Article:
At the visitor centre, an excerpt from a film based on the book Le Pain Noir by Limousin author Georges Emmanuel Clancier (it was also made into a TV series, see the video below) gives a real flavour of the life of rural Limousin in times gone by.

L'or Blanc des Carrières, the last book by the Haute-Vienne writer Jean-Paul Romain-Ringuier is another novel based on the kaolin quarries at Marcognac that gives colour to how people lived and worked here.

The mechanics of the quarrying process is also explained. You can see the pump that emptied water from the seams and the more recent electric engine that was used to pull the heavy wagons up from the depths of the mine.

Mules and oxen also played a role in the extraction of rocks; amongst other items, yokes, harnesses and carts are on display in the stables, along with photographs of the animals working to pull loaded carts.

The site retains the traces of the history of the quarry; tiny rail tracks with their iron carts criss-cross the grass.

The site retains the traces of the history of the quarry; tiny rail tracks with their iron carts criss-cross the grass.

Beautiful Buildings in a Lovely Setting

While original photographs of the quarry reveal a very different picture, Marcognac today is a very attractive place to spend a summer afternoon. Marcognac is listed as an Historic Monument and an important part of France's Industrial Archaeology, partly because many of the original buildings have been preserved.

Some of these buildings have a distinctive wooden latticework structure at roof level which allowed air to circulate, as drying the rock product was an essential part of the process. In other buildings, the mud and straw used to fill between the wooden frames is still clearly visible.

The open tops on the buildings were an essential part of the processing of materials at Marcognac.

The open tops on the buildings were an essential part of the processing of materials at Marcognac.

You Can View The Remnants of the Quarries Themselves

After seeing the breathtaking photographs, it is a little disappointing that so little of the quarries themselves are left. Many of them have been filled in, and those that do still exist have been so thoroughly taken over by nature that it's hard to make out their original form. Through trees, you can make out water that has collected at the bottom and has now turned the gaping holes into pretty lakes surrounded by vegetation. I imagine it would be a fabulous haven for wildlife.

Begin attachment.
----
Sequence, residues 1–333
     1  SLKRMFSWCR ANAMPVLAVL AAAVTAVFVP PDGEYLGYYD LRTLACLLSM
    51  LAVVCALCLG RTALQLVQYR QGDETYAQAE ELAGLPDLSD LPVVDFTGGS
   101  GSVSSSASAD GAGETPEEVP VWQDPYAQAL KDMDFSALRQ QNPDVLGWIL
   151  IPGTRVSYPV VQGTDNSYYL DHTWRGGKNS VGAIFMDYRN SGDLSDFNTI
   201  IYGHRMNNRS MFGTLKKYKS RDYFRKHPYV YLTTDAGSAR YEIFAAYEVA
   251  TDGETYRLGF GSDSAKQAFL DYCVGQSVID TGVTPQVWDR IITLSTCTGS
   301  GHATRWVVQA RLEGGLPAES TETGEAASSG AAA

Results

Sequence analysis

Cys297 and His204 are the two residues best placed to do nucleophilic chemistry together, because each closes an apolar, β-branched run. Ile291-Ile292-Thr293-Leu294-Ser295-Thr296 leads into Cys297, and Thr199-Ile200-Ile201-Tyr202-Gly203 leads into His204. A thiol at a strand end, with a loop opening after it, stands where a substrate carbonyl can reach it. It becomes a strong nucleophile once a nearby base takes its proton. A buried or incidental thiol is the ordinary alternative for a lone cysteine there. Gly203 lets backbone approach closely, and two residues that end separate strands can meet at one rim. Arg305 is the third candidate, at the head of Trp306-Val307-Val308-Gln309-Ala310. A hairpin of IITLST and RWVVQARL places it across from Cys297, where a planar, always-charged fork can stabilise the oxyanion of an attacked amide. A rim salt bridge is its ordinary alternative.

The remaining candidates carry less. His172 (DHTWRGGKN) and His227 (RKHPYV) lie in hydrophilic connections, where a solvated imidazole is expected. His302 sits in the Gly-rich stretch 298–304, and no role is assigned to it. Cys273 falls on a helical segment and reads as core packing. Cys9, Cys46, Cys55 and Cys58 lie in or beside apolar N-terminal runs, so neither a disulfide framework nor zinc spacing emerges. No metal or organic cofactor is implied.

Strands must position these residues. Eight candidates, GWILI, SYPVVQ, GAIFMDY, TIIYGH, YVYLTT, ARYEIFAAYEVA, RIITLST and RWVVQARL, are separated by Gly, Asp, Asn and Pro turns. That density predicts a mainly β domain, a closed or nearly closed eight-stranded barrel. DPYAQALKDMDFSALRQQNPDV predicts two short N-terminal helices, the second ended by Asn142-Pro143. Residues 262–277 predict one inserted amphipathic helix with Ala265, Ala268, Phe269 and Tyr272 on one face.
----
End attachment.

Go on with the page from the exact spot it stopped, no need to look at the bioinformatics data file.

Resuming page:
But to see the photographs displayed at the existing building is astounding. They show how the quarries looked when they were still being worked. The transformation is amazing.

Originally, the quarry opened within yards of this building. It was fascinating to see the photographs of it as part of a working kaolin quarry.

Originally, the quarry opened within yards of this building. It was fascinating to see the photographs of it as part of a working kaolin quarry.

Virtual Tour of the Marcognac Quarry Site

I have only touched on the wealth of information that was offered to us on our visit. To whet your appetite further, take a virtual tour given by Nicole Delage, Présidente Association Marcognac Terre de Porcelaine, herself.

Note: The following video is in French, but you can turn on auto-translated subtitles by clicking through the settings.

Visitor Information for Guided Tours of Marcognac

You can find more information at Les Routes de la Porcelaine de Limoges en Haute-Vienne. Always telephone in advance, as information is often conflicting and you must always beware of the dreaded French 'exceptional closures'.

Contact Marcognac Terre de Porcelaine for more information.

Phone: 05 55 75 06 51

E-mail: marcognac87@gmail.com

Tourist Office at Saint Yrieix-La-Perche

Phone: 05 55 08 20 72

Have I Persuaded You to Visit Marcognac?

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© 2019 Les Trois Chenes

Do You Have Any Thoughts or Additional Information to Add?

Les Trois Chenes (author) from Videix, Limousin, South West France on July 02, 2019:

Thank you for your message, Liz. Kind of you to take the time to comment. I do hope you make it to Marcognac some day.

Liz Westwood from UK on June 30, 2019:

This is a very interesting and well-illustrated article. When I am in the area I will look this up. A visit to France is overdue for us.